I am 27 years old and I am a mother of two boys, Aiden and Evan. Aiden just turned 5 years old and Evan will be 4 years old in a couple months. I currently attend a university and plan to graduate this year with a major in Computer Science and a minor in Business Administration. It has been a real challenge for me to attend college because of my immigration and economic status, but my persistence has allowed me to make it this far.
I remember my family going to church on Sundays and getting together every weekend when I was a child. As time passed, we became distant from the Church and less active in our faith. We stopped going to Mass and I was left with questions; that is why I joined Ministry en lo Cotidiano (in the everyday), as an opportunity to ask those questions and, perhaps, discover the answers. Ministry en lo Cotidiano (MLC) is a leadership development and faith formation program for undergraduate students at Dominican University interested in experiencing faith-based service in the Hispanic community in Chicago and the surrounding suburbs.
One of my first theological reflections brought up the question who am I? That was an intriguing question, because it is not my name or adjectives that describe me, but it is much deeper than that. Even more, in order to know who I am, I was inclined to first answer the question, where am I from?
I always had a hard time answering this, because I was brought to the United States when I was 2 years old and have lived 25 years here. Since then, I have not had the opportunity to return to my native country. Every time people asked me where I am from, I went through a ritual. I would answer, “I am from Mexico,” but then their next question was, “What part?” If I answered D.F., then they would keep asking more detailed questions that I could not answer. Other times, conversations led to an awkward feeling when they talked about food or traditions from Mexico. When I was not able to follow through their conversations it made me doubt whether I was Mexican. If I said, “I’m American,” then I would be questioned because I do not look American, and I am not even sure what American looks like. So where am I from and who am I?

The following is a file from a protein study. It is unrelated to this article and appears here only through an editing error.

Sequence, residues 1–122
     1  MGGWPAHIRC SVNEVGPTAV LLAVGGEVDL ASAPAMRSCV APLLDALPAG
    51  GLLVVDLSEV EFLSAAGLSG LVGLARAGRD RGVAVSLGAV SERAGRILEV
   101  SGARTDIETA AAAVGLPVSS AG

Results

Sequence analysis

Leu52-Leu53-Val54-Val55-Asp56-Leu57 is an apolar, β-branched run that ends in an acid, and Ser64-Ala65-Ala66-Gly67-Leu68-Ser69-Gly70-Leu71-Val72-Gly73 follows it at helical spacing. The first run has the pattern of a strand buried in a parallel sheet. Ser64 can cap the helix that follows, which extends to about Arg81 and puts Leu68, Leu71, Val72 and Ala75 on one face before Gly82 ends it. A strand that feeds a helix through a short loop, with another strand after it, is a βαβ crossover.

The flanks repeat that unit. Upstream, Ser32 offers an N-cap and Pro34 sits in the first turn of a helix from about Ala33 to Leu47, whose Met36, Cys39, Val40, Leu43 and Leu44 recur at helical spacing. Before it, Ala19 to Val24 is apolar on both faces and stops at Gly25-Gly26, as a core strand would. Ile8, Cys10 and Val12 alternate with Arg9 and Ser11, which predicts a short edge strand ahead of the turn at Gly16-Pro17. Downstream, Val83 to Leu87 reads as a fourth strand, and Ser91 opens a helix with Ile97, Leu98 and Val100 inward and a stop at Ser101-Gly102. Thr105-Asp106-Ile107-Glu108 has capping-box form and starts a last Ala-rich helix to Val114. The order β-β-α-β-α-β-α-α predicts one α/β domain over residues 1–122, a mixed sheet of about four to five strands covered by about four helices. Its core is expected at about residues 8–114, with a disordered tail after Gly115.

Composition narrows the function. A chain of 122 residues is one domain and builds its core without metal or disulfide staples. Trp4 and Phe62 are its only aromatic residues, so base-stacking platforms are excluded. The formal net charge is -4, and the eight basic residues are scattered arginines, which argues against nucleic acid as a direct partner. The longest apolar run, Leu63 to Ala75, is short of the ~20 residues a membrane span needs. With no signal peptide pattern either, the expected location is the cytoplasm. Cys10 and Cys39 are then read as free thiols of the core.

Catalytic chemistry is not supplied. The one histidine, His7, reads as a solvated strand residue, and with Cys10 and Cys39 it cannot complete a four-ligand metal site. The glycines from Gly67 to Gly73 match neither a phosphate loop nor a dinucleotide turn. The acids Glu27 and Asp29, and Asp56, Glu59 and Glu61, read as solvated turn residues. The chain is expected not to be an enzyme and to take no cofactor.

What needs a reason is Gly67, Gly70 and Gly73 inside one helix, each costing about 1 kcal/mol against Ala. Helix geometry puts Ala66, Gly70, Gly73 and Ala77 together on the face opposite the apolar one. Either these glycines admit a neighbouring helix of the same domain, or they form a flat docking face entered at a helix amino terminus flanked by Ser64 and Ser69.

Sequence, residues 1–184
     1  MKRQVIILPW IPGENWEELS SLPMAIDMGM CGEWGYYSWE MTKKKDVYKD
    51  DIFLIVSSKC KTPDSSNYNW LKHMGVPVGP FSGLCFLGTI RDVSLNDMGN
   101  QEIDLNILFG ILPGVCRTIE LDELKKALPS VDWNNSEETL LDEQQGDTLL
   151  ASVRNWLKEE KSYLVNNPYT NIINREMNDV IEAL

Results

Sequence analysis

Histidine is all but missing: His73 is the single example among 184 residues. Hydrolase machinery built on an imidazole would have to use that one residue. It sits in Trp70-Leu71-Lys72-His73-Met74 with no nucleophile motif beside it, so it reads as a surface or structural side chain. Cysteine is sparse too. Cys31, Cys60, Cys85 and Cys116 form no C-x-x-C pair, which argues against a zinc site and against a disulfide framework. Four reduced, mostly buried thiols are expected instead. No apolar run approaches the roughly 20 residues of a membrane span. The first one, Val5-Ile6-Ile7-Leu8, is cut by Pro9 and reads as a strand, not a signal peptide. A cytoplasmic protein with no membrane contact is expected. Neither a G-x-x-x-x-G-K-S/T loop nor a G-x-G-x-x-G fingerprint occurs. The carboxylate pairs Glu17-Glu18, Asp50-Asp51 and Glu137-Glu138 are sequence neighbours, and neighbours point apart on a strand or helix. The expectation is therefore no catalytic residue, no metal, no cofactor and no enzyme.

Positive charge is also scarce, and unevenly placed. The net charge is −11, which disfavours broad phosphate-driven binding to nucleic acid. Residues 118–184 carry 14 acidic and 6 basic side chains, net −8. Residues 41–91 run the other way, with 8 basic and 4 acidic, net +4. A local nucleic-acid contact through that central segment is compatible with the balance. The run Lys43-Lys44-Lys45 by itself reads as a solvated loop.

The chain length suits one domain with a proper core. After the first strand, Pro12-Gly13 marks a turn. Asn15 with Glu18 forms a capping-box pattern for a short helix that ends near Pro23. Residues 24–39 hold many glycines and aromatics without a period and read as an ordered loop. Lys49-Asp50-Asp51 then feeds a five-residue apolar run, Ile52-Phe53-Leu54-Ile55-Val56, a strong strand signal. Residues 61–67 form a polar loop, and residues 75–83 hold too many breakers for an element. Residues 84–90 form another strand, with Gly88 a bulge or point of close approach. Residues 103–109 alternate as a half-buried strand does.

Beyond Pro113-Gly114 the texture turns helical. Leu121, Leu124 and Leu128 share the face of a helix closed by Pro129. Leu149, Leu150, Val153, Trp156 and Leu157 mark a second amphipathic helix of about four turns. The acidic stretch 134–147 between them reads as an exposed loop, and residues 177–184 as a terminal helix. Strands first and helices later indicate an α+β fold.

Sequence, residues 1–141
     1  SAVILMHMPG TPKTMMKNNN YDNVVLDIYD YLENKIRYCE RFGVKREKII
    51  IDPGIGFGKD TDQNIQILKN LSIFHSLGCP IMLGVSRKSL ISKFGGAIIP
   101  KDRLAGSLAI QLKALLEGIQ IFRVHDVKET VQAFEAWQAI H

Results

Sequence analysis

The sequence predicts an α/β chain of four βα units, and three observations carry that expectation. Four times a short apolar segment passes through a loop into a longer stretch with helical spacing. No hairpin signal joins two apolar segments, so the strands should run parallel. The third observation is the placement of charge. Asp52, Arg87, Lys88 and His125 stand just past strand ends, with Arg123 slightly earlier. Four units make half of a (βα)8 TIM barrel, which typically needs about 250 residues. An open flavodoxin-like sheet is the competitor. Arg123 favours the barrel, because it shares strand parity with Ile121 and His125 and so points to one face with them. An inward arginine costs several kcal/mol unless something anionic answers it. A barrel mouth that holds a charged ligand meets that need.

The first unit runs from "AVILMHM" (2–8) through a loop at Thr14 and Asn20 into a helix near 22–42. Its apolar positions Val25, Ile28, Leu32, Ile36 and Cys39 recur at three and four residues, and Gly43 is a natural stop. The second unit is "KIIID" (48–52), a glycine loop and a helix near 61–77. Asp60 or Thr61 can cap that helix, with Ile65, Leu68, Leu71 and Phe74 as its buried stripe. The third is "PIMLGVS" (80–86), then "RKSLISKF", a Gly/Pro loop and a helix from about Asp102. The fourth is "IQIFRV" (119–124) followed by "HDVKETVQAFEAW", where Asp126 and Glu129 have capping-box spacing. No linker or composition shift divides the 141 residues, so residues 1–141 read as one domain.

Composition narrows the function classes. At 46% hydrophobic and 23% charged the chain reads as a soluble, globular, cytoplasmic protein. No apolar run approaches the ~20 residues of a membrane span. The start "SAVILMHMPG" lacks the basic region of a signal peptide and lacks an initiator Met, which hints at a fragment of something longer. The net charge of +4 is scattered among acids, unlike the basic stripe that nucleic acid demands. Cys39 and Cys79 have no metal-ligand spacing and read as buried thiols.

In our theological reflection we read an article by Roberto Goizueta, where he says, “I was not and could never be either: instead, I was both, I was in between.” His words spoke to me. All these years, I struggled to find myself and fit on either side. As I got older, I became distant from my Latina identity. Even more, I had not realized or reflected on what it meant to be Latina. I had become alienated from my parents’ culture, religion, and traditions because being Latina in the United States created barriers for me. At least, that is what I thought. I also began to think it was only my parents’ culture and not mine.
Through the community that I found in MLC, my idea of what it means to be a Latina has expanded and caused me to take ownership over my own identity. More importantly, I have discovered that who I am is not set in stone but instead what I make myself to be and how I allow others to touch my life. I have come up with the conclusion that each encounter cultivates our self. MLC became my community, where I listened to my peers; sharing stories with them and hearing their perspectives helped me to clear my thoughts and allowed me to better explain myself.